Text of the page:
The greater part of these Letters are taken up in establishing the authenticity of the Four Gospels; the remarks on the genuineness of the Epistles are very concise. The Epistles were, probably, written before the Gospels; and it may, perhaps, be thought, that the objections to the Gospel are of a more serious nature, and have more the appearance of difficulties, than what can be alleged against the Epiltles. .
To those who admit the authority of revealed religion, and who are interested in thcological controversies, we earnestly
recommend the whole of this important controversy. There is much perspicuity, good fence, and calmness, contpicuous in theie Letters: to fome probably it may appear, that considering the importance of the subject, Dr. Priestley was too haity in his Reply.--Some observations are contained in the former part of these Letters, that have excellencies, independent of their immediate relation to this subject. In the Preface, Dr. Priestley observes,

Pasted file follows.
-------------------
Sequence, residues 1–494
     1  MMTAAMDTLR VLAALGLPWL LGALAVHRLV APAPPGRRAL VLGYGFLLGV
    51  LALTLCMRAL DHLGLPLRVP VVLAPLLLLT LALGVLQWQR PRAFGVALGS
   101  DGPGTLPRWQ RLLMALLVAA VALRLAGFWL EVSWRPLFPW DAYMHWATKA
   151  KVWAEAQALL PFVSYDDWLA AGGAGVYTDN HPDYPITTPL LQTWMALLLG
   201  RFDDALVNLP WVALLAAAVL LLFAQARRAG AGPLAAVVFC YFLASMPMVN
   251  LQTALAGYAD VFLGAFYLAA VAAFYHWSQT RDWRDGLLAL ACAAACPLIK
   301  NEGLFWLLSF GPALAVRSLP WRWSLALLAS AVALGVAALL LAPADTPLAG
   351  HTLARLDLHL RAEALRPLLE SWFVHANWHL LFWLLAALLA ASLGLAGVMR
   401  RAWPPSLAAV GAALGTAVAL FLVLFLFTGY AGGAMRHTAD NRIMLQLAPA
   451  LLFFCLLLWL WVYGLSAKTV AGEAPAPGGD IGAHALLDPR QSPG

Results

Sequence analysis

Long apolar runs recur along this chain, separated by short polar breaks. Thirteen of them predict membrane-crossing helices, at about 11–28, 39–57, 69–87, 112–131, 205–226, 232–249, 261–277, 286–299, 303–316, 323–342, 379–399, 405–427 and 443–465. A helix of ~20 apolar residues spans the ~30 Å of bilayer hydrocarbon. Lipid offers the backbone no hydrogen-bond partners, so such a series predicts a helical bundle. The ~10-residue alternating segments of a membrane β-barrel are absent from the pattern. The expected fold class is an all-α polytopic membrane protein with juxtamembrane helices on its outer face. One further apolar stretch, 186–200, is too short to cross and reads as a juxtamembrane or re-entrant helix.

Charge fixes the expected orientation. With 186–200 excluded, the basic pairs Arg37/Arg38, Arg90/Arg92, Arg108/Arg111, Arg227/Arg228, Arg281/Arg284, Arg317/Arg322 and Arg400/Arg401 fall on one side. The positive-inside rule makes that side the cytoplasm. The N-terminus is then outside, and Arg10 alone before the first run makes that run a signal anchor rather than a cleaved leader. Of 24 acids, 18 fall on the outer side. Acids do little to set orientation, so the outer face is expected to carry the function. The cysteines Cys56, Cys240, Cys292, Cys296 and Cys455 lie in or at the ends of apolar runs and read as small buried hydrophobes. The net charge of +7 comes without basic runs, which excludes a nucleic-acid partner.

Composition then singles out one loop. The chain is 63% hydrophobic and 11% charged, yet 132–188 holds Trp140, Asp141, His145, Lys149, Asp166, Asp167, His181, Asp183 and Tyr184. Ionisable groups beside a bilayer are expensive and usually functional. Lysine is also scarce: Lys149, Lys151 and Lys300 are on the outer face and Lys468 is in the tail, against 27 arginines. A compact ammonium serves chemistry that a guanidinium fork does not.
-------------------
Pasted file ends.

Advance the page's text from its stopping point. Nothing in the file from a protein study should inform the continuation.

I have, in these Letters, as on other occasions, endeavoured to point out the real foundation of our faith in the Gospel history, and to thew that it is independent of the authenticity of any books. It has not been by the fair examination of historical evidence, but in most cases by some mort metaphysical reasoning, that men have become unbelievers, and in general it has been their having conceived what they had been iaught to consider as Christianity to be unworthy their ideas cf God, or their discovering some seeming im. propriety in the books which they had been taught to regard as inspired, that has, without any farther reasoning, induced them to reject Christianity. It cannot, therefore, be too strongly held out to them, that the truth of Christianity is independent of every thing of this kind; that, let them think what they will of the doctrines of the Gospel, or of the books that contain them, a mi nust have a divine million who in proof of it, does what God alone could impower him to do; and that Christ-and the apostles enquestionably did such things, i.e. work ical mirades, if the evangelical hitory be only in the main true. For without this it küs naturally impofiible that Christianity should have been received, as all history, facred and profane, shews that it was, in the early ages.' .